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How to Drive Your Pets Around Safely

Car trips can be dangerous for both human and animal passengers. To avoid problems, use these tips for driving your pets around safely.

Pets are our family, our best friends and our loyal companions. They stand by our side or sit on our laps whenever we need them.

Unfortunately, they also sit on our laps when we need them not to, such as while we’re trying to drive a car. This can be dangerous for both human and animal passengers. To avoid problems, use these tips for driving your pets around safely.

Secure them properly

One of the best ways for pets to travel is in a crate, a more familiar environment than a car seat. In small vehicles, you can adjust the seat to fit a crate and, in SUV and hatchback vehicles, there is space in the back. No matter where, secure the crate in place with tethers, as shown in this YouTube video, to prevent injuries.

“Most people don’t know that a 65-pound dog, like a golden retriever, in only a 35-mile-per hour accident, becomes a 2700-pound projectile,” the video says.

Other products, such as nets and metal barriers, prevent furry companions from jumping into your lap or the passenger seat, where they can be hurt or killed by deploying airbags.

You can also secure animals by threading a seat belt through loops on harnesses, as this video demonstrates, although research any safety harness you buy, as a Center for Pet Safety study found many were lacking. Additionally, do not attach pets using their collars, as they could choke or suffer permanent neck damage.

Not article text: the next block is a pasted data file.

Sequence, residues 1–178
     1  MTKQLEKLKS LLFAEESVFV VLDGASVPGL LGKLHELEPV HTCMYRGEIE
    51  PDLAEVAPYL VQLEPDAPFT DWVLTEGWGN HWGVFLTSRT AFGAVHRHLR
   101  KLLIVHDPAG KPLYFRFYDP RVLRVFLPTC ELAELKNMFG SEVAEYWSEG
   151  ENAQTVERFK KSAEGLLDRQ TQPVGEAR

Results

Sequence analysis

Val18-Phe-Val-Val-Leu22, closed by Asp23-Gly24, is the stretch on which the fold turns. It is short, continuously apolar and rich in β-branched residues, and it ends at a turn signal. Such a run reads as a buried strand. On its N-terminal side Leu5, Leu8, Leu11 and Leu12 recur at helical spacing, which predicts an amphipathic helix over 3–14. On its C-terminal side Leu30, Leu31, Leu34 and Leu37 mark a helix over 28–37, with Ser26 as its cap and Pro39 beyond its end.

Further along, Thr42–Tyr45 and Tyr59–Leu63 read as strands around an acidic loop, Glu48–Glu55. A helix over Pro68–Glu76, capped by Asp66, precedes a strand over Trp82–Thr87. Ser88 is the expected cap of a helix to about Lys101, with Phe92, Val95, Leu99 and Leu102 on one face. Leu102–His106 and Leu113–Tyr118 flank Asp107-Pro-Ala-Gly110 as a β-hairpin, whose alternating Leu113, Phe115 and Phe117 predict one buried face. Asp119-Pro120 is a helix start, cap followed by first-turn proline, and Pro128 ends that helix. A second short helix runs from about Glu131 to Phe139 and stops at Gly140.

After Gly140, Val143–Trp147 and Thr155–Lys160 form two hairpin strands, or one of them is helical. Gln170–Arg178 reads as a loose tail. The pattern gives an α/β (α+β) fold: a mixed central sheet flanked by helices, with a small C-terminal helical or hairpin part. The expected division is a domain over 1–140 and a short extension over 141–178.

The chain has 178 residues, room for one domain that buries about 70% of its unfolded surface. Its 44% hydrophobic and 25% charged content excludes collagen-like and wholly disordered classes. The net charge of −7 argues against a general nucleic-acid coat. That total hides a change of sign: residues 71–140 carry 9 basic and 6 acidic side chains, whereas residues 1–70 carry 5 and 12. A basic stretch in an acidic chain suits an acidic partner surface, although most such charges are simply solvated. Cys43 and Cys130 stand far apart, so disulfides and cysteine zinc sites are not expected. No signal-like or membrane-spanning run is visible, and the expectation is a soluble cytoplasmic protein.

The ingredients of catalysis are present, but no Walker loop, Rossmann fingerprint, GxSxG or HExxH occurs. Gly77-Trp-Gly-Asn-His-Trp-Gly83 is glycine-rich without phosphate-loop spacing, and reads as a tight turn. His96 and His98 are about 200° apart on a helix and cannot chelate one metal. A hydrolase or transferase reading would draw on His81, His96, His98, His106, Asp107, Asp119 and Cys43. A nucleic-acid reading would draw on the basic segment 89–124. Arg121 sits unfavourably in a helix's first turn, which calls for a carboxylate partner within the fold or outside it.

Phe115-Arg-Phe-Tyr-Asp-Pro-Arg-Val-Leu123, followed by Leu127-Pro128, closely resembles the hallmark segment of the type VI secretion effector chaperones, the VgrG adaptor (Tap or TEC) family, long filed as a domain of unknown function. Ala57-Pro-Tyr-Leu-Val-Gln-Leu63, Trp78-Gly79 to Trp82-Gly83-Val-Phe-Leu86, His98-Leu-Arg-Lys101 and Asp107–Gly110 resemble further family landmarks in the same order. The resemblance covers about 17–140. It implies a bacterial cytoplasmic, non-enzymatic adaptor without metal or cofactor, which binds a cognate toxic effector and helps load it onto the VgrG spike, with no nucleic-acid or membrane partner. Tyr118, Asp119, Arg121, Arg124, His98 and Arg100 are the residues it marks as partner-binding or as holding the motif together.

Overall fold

Avoid open windows and truck beds

Pets hanging out of open windows or sitting in the back of trucks may seem like harmless practices, but animals can easily fall or jump out. They could also be hit by items outside the vehicle.

“Although most dogs love to stick their heads out open windows, the wind can seriously irritate mucous membranes and blow pieces of grit or other debris into their eyes,” according to American Humane. “Pets could also be seriously injured by objects as you drive down the road.”

The wind could also be an issue, as “the heavy airflow, especially if it is chilly, in general can damage the animal's respiratory system,” according to dmv.org.

As for trucks, about 100,000 dogs die every year in accidents because they were riding in truck beds, americanhumane.org says.

Leave them home

Assuage pet boredom with walks and playtime, and not potentially stressful car rides, which can be particularly aggravating to cats. Doing so will also help you avoid accidents, as an AAA survey found more than half of drivers with animals are distracted by, for example, petting dogs, holding dogs in place or preventing dogs from climbing into the front.

“These behaviors can distract the driver and increase the risk of a crash,” aaa.com says. “The AAA Foundation for Traffic Safety found that looking away from the road for only two seconds doubles your risk of being in a crash.”

Elderly drivers, in particular, are more at risk of getting into accidents when they regularly drive with an animal, according to research published in Accident Analysis & Prevention journal.

Finally, because animals are not allowed inside many businesses, you may end up needing to leave them in the car.

“Leaving pets locked in cars is never safe,” according to the Humane Society of the United States. “But when the weather gets warmer, it can be deadly. High temperatures can cause irreparable organ damage and even death.”

If you have to take your animal with you, ensure they are safely restrained and can exit the car when you reach your destination. This message is proudly sponsored by WMC Tri-State Medical Network.

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